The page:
As he once went about making English intelligible, Bryson now attempts the same with the great moments of science, both the ideas themselves and their genesis, to resounding success. Piqued by his own ignorance on these matters, he’s egged on even more so by the people who’ve figured out—or think they’ve figured out—such things as what is in the center of the Earth. So he goes exploring, in the library and in company with scientists at work today, to get a grip on a range of topics from subatomic particles to cosmology. The aim is to deliver reports on these subjects in terms anyone can understand, and for the most part, it works. The most difficult is the nonintuitive material—time as part of space, say, or proteins inventing themselves spontaneously, without direction—and the quantum leaps unusual minds have made: as J.B.S. Haldane once put it, “The universe is not only queerer than we suppose; it is queerer than we can suppose.” Mostly, though, Bryson renders clear the evolution of continental drift, atomic structure, singularity, the extinction of the dinosaur, and a mighty host of other subjects in self-contained chapters that can be taken at a bite, rather than read wholesale. He delivers the human-interest angle on the scientists, and he keeps the reader laughing and willing to forge ahead, even over their heads: the human body, for instance, harboring enough energy “to explode with the force of thirty very large hydrogen bombs, assuming you knew how to liberate it and really wished to make a point.”

Loads of good explaining, with reminders, time and again, of how much remains unknown, neatly putting the death of science into perspective.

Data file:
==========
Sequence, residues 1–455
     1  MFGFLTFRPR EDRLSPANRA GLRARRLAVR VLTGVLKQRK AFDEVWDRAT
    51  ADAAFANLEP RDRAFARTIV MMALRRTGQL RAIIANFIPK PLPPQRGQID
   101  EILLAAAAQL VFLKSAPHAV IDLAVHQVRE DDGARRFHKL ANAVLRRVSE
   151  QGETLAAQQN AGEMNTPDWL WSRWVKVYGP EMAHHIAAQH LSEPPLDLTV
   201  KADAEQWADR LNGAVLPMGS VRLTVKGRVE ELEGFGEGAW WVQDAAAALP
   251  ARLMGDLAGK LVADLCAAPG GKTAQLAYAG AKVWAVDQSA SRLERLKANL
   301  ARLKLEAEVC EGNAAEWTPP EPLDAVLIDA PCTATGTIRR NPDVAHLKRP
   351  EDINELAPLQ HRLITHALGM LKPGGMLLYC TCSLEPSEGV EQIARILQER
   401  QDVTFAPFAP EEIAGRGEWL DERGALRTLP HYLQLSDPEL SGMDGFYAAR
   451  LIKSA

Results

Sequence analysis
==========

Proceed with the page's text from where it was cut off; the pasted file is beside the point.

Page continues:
Pub Date: May 6, 2003

ISBN: 0-7679-0817-1

Page Count: 304

Publisher: Broadway

Review Posted Online: May 20, 2010

Kirkus Reviews Issue: April 1, 2003

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Ackerman writes with a light but assured touch, her prose rich in fact but economical in delivering it. Fans of birds in all...

THE GENIUS OF BIRDS

Science writer Ackerman (Ah-Choo!: The Uncommon Life of Your Common Cold, 2010, etc.) looks at the new science surrounding avian intelligence.

The takeaway: calling someone a birdbrain is a compliment. And in any event, as Ackerman observes early on, “intelligence is a slippery concept, even in our own species, tricky to define and tricky to measure.” Is a bird that uses a rock to break open a clamshell the mental equivalent of a tool-using primate? Perhaps that’s the wrong question, for birds are so unlike humans that “it’s difficult for us to fully appreciate their mental capabilities,” given that they’re really just small, feathered dinosaurs who inhabit a wholly different world from our once-arboreal and now terrestrial one. Crows and other corvids have gotten all the good publicity related to bird intelligence in recent years, but Ackerman, who does allow that some birds are brighter than others, points favorably to the much-despised pigeon as an animal that “can remember hundreds of different objects for long periods of time, discriminate between different painting styles, and figure out where it’s going, even when displaced from familiar territory by hundreds of miles.” Not bad for a critter best known for bespattering statues in public parks. Ackerman travels far afield to places such as Barbados and New Caledonia to study such matters as memory, communication, and decision-making, the last largely based on visual cues—though, as she notes, birds also draw ably on other senses, including smell, which in turn opens up insight onto “a weird evolutionary paradox that scientists have puzzled over for more than a decade”—a matter of the geometry of, yes, the bird brain.

Ackerman writes with a light but assured touch, her prose rich in fact but economical in delivering it. Fans of birds in all their diversity will want to read this one.

Pub Date: April 12, 2016

ISBN: 978-1-59420-521-7

Page Count: 336

Publisher: Penguin Press

Review Posted Online: Feb. 17, 2016

Kirkus Reviews Issue: March 1, 2016